Investors remain cool. Kiva and 6 River may be the two biggest financial successes of the past decade in robotics, says Ajay Agarwal, a venture capitalist at Bain Capital Ventures in Boston who put money into Kiva. In robotics, there have been a handful of successes and a lot that have not worked, Agarwal says. Even though his firm did well when Amazon bought Kiva, Agarwal says that he hasnt seen a lot that we were excited about backing since Kiva. Agarwal and Bilal Zuberi, an investor at Lux Capital, agree that many robotics companies are more interested in working on really tough technical problems often a continuation of their founders academic research. Most of the robotics sectors wins have been under people who are not trying to commercialize research, but identifying real business opportunities, and only then putting solutions together that address those problems, Zuberi says. (His firm was an investor in CyPhy Works, a Danvers maker of surveillance drones that ceased operations earlier this year.)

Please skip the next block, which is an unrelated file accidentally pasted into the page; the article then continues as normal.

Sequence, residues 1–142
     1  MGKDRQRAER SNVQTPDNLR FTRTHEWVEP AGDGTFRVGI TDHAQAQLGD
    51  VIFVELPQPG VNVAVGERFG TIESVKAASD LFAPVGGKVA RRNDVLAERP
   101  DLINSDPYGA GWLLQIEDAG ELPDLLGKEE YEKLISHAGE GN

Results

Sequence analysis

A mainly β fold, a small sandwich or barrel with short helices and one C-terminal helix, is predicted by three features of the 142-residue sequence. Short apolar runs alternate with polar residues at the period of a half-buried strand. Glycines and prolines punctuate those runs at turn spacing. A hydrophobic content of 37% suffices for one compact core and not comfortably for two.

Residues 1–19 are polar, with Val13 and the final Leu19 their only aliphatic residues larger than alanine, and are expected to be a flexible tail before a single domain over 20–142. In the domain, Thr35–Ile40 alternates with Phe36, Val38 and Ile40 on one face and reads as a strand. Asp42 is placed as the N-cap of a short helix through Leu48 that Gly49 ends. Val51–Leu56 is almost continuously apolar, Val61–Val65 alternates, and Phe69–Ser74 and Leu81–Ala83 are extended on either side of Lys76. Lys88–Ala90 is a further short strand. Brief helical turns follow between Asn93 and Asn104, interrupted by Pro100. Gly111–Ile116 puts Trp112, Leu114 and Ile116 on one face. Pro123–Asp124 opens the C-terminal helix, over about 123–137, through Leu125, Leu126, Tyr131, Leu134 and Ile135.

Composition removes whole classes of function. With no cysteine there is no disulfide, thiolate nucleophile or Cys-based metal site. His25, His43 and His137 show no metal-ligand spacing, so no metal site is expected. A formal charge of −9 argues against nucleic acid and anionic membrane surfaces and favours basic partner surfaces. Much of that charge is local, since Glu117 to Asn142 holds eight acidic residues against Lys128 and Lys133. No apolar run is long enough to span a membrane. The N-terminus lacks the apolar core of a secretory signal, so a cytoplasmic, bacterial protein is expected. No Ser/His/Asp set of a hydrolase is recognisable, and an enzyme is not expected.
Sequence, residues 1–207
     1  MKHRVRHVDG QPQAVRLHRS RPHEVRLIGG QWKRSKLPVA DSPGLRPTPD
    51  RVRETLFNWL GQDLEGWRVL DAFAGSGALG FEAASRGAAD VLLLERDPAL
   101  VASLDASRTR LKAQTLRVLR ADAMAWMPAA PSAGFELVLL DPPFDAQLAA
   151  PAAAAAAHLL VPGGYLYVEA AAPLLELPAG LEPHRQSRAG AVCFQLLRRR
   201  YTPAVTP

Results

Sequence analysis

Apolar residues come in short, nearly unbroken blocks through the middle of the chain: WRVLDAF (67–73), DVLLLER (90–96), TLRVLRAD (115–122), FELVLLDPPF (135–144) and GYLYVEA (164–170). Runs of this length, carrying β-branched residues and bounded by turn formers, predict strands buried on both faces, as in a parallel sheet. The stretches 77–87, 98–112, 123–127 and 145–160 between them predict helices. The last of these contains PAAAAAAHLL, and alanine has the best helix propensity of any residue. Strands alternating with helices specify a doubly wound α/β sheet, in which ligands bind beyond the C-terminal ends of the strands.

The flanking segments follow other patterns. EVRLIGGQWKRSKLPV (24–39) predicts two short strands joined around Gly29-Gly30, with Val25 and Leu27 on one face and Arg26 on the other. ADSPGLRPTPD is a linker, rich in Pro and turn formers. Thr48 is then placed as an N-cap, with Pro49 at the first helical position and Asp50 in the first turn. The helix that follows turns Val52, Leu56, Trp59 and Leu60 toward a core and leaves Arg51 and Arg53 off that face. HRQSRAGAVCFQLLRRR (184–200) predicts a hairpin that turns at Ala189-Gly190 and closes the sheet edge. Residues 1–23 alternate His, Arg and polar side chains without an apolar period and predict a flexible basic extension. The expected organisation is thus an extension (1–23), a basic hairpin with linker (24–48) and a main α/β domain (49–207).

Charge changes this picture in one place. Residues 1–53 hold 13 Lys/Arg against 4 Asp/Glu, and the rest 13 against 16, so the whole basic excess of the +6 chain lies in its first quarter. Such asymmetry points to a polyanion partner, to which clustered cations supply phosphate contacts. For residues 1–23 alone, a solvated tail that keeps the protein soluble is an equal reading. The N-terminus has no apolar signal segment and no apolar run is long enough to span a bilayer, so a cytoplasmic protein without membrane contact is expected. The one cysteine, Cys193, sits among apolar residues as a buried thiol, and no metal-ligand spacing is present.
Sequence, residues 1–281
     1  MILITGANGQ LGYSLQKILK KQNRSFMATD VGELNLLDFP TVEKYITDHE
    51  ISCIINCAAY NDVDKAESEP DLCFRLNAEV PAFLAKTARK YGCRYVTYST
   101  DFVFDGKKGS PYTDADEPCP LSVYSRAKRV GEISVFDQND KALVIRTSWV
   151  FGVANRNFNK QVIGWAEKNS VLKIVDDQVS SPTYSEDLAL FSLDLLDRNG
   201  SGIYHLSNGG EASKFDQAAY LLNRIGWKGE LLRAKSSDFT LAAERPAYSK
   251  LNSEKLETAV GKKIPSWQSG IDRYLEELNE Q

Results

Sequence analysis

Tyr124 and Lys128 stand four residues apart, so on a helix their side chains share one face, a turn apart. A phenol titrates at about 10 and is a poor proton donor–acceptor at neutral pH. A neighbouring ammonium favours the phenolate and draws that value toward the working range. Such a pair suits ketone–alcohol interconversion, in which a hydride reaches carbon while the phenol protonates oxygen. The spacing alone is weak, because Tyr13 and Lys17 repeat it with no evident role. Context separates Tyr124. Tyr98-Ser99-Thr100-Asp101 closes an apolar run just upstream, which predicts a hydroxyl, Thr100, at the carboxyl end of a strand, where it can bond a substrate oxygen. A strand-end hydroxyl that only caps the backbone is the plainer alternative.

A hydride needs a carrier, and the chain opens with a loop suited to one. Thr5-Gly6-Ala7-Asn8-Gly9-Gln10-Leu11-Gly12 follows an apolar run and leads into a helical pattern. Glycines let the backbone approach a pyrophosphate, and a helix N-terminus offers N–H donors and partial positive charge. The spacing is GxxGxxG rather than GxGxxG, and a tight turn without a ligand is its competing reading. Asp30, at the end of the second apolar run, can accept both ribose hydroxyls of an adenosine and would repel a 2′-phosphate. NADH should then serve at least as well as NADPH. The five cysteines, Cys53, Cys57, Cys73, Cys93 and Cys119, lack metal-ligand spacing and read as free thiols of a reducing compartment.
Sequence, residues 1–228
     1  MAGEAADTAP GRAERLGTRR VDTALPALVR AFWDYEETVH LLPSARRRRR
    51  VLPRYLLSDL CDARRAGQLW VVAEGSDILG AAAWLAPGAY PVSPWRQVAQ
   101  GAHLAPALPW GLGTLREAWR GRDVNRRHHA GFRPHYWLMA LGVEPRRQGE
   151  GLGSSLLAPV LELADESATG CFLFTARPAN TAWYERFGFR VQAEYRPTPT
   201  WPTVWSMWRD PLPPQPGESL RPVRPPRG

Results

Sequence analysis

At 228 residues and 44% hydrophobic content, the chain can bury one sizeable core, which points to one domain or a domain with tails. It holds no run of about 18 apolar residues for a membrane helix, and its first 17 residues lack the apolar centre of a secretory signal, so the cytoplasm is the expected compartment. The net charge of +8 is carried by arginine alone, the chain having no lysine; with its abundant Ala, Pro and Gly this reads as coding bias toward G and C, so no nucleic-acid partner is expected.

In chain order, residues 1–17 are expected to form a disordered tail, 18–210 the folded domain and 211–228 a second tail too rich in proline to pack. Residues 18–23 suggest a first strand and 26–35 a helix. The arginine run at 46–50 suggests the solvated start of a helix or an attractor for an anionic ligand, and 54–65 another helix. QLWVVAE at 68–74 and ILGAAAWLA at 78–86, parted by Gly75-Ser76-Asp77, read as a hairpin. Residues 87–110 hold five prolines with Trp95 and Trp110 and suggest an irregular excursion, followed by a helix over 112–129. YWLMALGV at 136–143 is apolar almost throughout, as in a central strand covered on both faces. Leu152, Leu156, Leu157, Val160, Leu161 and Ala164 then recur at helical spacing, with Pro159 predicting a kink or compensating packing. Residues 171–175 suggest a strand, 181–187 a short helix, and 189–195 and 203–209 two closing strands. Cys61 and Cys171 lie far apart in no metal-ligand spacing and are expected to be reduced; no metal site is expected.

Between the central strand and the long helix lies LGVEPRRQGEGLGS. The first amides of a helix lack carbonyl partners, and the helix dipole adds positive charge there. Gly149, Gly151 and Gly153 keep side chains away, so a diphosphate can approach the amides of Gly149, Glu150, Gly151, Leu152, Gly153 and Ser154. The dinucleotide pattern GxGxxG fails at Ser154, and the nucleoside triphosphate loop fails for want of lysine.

The most consistent local investor in the robotics sector? iRobot Ventures, an arm of Burlington-based iRobot. Since 2014, it has put money into about a dozen startups including 6 River.

Simplicity sells. Perhaps the hottest-selling bot at the MassRobotics expo is made by a Lincoln startup called MVP Robotics. Its a 160-pound, $5,500 tackling dummy with a top speed of 16 miles per hour, designed for football practices. There are no artificial intelligence routines running in this robots noggin: its actions on the field are controlled by a coach on the sidelines. But its a way for teams to practice tackling in a realistic way, without human putting players at risk. And MVP already counts as customers half of the National Football Leagues teams, and about 50 colleges. The companys next product is a mobile dummy dubbed HEKTR that police officers can shoot at with live ammo during training. If your aim is good enough, HEKTR falls over.